Sports Illustrated can keep their whole beautifully air brushed super model thing with their yearly swimsuit issue. ESPN's Body Issue is something different all together.
Sure, the focus is still on bodies. But there's something beyond mere sexiness when it comes to the bodies of these athletes. We all know that Blake Griffin can dunk over a car. But now we know why.
The Body Issue focuses on the human form in a different sort of way. And we also get to see Hope Solo naked. Two big pluses in my book.
While there are a handful of athletes that we'd love to see in the Body Issue, there are just as many that we'd like to avoid—a few we'd really like to avoid.
John Daly comes across as a guy you'd go golfing with on the weekends and have a blast with. And while he seems like a a person who knows how to have a good time, he certainly isn't an athlete I'd want to see in the buff.
Though there seem to be a plentiful amount of female golfers that I can't say the same for. I clearly should have stuck to golfing.
Maybe I'm being a little rough on the golfers.
They don't have the same high fitness standards as other athletes do. But that doesn't mean that Phil Mickelson is a guy we want to see in an artsy black and white photo that highlights the highlights of the human form.
Charles Barkley has earned the right to let himself go after 16 seasons as a dominate player in the NBA.
Maybe in his prime he looked more like an athlete that could grace the pages of the Body Issue, but those days are long gone for Sir Charles.
Peyton Manning has never been known as a top notch physical specimen.
He's an outstanding quarterback because of his brains, and doesn't often make plays because of his athleticism. He has the pedigree to be on the cover of the Body Issue, but he certainly doesn't have the body for it.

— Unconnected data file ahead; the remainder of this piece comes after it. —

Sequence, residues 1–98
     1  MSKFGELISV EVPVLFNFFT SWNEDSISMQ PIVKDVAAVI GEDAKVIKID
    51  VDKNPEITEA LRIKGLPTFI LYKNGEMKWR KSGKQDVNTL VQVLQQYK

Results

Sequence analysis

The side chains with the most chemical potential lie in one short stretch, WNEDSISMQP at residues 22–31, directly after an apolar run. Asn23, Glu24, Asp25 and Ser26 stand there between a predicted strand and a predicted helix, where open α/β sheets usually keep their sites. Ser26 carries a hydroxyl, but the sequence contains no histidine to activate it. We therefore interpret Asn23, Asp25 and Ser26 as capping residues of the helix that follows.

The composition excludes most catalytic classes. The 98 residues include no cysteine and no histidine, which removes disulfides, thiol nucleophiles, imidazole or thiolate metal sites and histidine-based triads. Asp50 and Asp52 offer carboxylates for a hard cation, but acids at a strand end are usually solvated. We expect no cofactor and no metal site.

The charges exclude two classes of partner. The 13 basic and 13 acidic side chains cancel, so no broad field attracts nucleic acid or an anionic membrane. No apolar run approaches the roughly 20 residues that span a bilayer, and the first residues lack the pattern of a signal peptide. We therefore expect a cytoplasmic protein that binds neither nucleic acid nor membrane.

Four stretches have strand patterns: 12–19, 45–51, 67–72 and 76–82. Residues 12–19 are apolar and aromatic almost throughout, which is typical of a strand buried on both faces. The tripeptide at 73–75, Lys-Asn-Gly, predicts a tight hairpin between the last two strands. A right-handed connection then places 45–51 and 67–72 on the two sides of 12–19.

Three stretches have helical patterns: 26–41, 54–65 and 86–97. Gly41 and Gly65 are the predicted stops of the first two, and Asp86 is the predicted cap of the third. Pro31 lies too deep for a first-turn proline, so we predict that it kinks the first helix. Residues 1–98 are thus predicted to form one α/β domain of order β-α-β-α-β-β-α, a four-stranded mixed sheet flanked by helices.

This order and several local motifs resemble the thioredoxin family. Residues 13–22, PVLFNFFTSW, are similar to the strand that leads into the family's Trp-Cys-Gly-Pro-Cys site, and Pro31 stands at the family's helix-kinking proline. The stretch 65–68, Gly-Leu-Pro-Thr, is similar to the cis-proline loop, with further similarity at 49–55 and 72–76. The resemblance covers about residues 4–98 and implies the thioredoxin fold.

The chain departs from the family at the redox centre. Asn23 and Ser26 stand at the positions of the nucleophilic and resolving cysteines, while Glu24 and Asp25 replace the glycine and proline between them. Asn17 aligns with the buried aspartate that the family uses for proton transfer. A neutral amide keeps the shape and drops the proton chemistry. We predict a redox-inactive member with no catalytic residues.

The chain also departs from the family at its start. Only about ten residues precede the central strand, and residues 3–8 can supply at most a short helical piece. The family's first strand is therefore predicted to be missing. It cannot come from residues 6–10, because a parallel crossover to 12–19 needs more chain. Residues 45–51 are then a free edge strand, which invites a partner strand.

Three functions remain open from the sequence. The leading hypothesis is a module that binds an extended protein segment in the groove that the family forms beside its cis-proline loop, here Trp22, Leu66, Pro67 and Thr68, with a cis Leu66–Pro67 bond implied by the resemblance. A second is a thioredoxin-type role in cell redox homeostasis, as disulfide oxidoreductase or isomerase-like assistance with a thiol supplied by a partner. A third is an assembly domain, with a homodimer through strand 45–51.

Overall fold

Ben Roethlisberger has plenty of adoring female fans, so he must be doing something right.
And while it doesn't seem like his weight has a big effect on his ability to scramble and move in the pocket, Roethlisberger isn't the high end physical example that the Body Issue tries to put the spotlight on.
I'd put Tom Brady in the same category as Peyton Manning. You don't put him on the field because he is going to scramble for 35 yards. You put him on the field because of his brain.
But he's arguably one of the best quarterbacks to ever play the game, and he married pretty well so whatever works I guess.
It's hard to tell through a hockey jersey, but Alex Ovechkin may not be in the best shape of his life.
The Washington Post pointed out that he looked out of shape during an interview and the scrutiny has been on ever since. Ovie claims he is in the best shape of his life, but based on the body of evidence I don't think he'll be posing for ESPN anytime soon.
No one will argue with the statement that Dustin Byfuglian is a very big man. He's one of the largest players in the NHL, and as such he's going to be heavy.
But when he was arrested for drunk boating over the summer it was reported that Big Buff was 286 pounds (!), more than 40 pounds heavier than his last known playing weight, eyebrows were raised.
That doesn't scream ESPN Body Issue to me.
Eddy Curry is listed at 295 pounds, which makes sense given his 7'0'' frame. But the nearly 300 pounds just looks big and heavy on Curry.
He has averaged just over five rebounds so I suppose it came in handy to a degree. But this guy is so big that ESPN would have to give him front and back to feature him on the cover.
Not that any of us want that.
It's tough to call some of these massive NBA players overweight. Zach Randolph is listed at 6'9''—of course he's going to break some scales.
And he plays more than 30 minutes a night on average, so he more than likely isn't out of shape. That being said, he still isn't the kind of body the ESPN seems to target for their Body Issue.
David Ortiz could crush a baseball.
He could clearly crush an entire box of Twinkies in one sitting as well if he felt like it.
That didn't prevent him from being a highly effective ball player though. While the Boston Red Sox may have given him a plaque proclaiming that he was the greatest clutch hitter in the history of the team, an appearance in ESPN's Body Issue isn't likely to appear in his trophy case as well.
David Wells was the John Daly of the MLB. In 1998 he pitched a perfect game, and later claimed to have been half-drunk. Sounds like a player who knows how to have a good time and still be effective.
And based on his looks, he may have had a little bit too much fun with the beer. Kudos for being a bad dude, but drinking tends to lead to something called a beer gut. Not something that has a place in the Body Issue.
C.C. Sabatha is one of the pitching aces employed by the New York Yankees. His ERAs may be microscopic, but his body certainly doesn't follow suit.